Workers need another 'tech glow' moment

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Workers need another 'tech glow' moment

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Radicalism and realism will help the party win the next general election, claims Tom Bewick

In October 1963, Labor leader Harold Wilson made one of the most memorable political interventions of the 20th century.

Historians call it the “technology heat wave.” This is a memorable phrase in the text that features opposition leaders’ focus on education and science as a means of improving living standards.

The expansion of FE and the creation of the Open University (which Wilson originally called the “university in the air”) are direct legacies of this period.

His speech at Scarborough coincided with a turbulent decade in the country. “His Swinging ’60s” was more than miniskirts and The Beatles.

It was a new era of automation.

Britain and the West were embroiled in an ideological and economic race with the Soviet Union as one bloc sought to outdo the other, believing that the best answers for progress lay in the USSR.

We all know how the story ends. The West finally won the Cold War. And her 5.7% economic growth in 1964 helped liberate New Britannia.

To put this in a historical perspective, the average annual productivity growth rate in the UK since 2010 has been sluggish at 0.7%. In this index, the country is her second from the bottom of her G7.

Perhaps the most impressive thing about Wilson’s speech was its clear honesty. He was a brutal lecture on both radicalism and realism.

Much like the party today, the Labor Party in 1963 was in the political wilderness for twelve years.

It was Wilson’s genius who told Party loyalists, “There is no illusion more dangerous than the comfortable doctrine that the world lives upon us.”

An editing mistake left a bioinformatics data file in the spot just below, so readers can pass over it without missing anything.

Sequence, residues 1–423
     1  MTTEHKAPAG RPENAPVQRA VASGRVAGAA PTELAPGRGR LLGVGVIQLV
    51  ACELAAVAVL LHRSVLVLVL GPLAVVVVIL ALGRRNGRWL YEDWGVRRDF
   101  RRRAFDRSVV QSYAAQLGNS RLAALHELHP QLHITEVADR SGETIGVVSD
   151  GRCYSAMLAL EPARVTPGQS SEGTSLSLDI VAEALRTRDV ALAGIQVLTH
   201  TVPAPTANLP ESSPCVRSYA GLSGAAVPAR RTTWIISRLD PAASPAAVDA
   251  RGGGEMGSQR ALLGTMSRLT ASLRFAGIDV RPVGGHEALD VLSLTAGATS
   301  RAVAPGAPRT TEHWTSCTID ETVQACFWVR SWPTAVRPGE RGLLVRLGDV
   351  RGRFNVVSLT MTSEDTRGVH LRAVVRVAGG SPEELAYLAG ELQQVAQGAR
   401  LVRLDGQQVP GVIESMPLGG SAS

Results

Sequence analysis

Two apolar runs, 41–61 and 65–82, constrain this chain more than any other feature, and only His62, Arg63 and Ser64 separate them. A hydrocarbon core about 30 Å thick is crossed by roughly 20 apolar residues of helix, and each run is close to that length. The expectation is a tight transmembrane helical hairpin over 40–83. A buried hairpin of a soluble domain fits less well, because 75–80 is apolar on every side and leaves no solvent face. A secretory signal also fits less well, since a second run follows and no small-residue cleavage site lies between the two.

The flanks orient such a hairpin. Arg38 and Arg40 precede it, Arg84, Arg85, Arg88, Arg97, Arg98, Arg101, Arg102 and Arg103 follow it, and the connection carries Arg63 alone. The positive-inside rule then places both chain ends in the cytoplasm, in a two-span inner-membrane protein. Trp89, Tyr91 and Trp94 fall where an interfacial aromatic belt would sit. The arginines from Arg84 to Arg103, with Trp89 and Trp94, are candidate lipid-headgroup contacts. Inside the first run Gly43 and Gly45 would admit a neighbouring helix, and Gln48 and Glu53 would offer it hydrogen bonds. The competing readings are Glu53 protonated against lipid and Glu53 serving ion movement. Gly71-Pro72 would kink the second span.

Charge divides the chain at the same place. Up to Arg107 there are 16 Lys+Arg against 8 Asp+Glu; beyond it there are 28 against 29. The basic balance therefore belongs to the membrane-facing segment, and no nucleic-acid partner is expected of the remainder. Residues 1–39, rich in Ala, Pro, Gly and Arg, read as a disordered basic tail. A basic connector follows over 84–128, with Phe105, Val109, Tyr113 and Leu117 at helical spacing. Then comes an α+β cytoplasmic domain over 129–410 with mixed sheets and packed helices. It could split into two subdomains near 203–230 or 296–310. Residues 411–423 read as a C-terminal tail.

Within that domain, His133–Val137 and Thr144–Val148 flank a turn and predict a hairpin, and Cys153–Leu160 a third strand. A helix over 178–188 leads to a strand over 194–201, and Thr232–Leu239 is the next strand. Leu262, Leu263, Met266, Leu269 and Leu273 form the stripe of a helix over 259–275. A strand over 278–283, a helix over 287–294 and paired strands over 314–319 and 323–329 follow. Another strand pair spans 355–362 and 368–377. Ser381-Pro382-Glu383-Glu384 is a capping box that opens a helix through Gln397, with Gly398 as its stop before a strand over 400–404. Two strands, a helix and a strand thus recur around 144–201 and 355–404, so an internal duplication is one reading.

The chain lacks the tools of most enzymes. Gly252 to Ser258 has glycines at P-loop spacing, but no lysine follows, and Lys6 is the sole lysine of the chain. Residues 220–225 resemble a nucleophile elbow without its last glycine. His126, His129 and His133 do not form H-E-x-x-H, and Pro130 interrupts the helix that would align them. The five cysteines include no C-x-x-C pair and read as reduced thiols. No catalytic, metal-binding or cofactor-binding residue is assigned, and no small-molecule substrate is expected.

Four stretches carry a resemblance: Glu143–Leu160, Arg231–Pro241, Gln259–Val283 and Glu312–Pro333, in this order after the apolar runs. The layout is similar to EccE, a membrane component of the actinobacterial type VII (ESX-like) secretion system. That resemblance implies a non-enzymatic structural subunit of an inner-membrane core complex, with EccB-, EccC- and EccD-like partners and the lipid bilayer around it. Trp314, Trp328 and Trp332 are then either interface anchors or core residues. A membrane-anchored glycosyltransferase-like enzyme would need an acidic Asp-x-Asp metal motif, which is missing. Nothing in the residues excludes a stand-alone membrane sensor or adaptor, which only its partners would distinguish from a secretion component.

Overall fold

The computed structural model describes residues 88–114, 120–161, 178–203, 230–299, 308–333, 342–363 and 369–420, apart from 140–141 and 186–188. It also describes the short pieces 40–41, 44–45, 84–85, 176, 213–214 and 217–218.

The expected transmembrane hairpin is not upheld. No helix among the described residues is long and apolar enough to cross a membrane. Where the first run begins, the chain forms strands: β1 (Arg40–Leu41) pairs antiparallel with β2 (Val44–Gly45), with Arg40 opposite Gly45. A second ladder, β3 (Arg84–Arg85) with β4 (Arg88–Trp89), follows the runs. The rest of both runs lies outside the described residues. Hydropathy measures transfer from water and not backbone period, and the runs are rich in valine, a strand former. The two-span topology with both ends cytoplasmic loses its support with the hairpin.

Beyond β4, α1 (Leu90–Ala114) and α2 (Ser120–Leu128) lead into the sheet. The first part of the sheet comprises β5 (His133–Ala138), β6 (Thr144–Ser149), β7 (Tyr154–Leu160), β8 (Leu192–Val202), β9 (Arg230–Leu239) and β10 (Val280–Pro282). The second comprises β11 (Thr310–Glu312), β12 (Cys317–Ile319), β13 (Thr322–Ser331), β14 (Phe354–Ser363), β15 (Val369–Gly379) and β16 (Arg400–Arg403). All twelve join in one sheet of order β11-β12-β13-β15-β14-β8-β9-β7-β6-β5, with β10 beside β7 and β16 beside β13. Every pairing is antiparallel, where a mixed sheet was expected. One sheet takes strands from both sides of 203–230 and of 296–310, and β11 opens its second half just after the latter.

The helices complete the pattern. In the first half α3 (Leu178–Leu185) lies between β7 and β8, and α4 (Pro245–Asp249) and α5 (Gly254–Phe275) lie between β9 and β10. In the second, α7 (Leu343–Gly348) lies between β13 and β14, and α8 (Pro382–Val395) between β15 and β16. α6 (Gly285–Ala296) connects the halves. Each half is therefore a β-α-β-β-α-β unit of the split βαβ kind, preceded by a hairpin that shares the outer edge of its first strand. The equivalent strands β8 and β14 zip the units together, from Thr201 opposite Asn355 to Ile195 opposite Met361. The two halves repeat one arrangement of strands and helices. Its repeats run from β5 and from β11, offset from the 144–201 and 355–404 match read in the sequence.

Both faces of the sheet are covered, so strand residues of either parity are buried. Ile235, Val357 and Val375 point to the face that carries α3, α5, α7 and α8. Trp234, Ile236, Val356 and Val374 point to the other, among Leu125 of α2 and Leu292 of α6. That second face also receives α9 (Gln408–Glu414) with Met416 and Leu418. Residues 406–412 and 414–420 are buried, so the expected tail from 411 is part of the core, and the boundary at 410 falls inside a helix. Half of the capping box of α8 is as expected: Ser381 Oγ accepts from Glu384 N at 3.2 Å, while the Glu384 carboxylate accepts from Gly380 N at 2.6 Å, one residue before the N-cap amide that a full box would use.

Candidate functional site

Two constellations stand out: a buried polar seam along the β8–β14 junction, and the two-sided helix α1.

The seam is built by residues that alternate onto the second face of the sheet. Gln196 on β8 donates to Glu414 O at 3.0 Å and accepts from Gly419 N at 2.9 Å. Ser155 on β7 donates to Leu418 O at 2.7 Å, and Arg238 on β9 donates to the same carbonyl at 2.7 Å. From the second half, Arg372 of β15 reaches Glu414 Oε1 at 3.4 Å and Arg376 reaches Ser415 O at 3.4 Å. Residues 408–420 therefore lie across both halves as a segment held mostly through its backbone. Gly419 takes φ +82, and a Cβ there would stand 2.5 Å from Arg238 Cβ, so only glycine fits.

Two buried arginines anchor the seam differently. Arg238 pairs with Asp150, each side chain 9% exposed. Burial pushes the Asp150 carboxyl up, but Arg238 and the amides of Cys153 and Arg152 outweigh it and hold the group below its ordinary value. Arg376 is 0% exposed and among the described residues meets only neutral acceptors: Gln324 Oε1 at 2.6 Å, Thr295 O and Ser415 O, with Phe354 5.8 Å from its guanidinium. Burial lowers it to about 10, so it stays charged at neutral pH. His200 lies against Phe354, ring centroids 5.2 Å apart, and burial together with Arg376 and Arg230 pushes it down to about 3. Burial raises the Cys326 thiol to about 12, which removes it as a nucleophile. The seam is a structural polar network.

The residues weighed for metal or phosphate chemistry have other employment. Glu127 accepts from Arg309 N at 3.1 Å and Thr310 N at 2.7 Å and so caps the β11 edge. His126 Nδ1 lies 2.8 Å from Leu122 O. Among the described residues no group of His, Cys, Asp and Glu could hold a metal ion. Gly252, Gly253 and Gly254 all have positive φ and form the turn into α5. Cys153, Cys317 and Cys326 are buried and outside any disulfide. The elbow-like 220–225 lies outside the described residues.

He had a sober vision for Britain – ‘to have as much influence in the world as we can and as much as we deserve’.

The following year, in 1964, Labor returned to power with a majority of four seats.

Fast-forward to the present and Sir Kear Sturmer faces a similar set of challenges. His mission is not aided by Russia’s invasion of Ukraine, which is once again upending the world order.

The temptation in Liverpool next week is to tell them exactly what they want to hear.

Starmer must inspire with tough love messages

Instead, like their election-winning predecessors Wilson and Blair, all Labor leaders have to do is inspire them with tough messages of love.

The hard part is telling them that the statisticalism that has been practiced under the Labor and Conservative parties over the last few decades has failed in this country.

If unions think that Labor’s return to power amounts to another round of a top-down, Whitehall-led scheme, they should think again.

Pandemic debt overhang and energy insecurity will constrain public spending in the years to come.

Sturmer’s more conciliatory tone should be one in which, with the support of voters, the day-to-day workers can regain control of society from the uncontacted elite. take back the agency of

FE must move beyond the futile debate about whether universities should be nationalized or privatized.

The workers’ response should be to implement an ambitious program of sector mutualization.

From a policy standpoint, it’s three things:

1. Devolve all funding to individuals after age 18, creating a true lifetime skills guarantee with no restrictions on the courses or qualifications a learner can take.

2. Completely eliminate bureaucracy from the skills system by fighting administrative duplication and waste. Inevitably, some cuongos may have to disappear from the landscape entirely.

3. All FE providers should be invited to become mutuals where FE staff can become co-owners of companies with the local community. As with the John Lewis partnership, FE Mutuals has complete control over how it operates.

And finally, Starmer can reflect Wilson’s voice.

The latter said: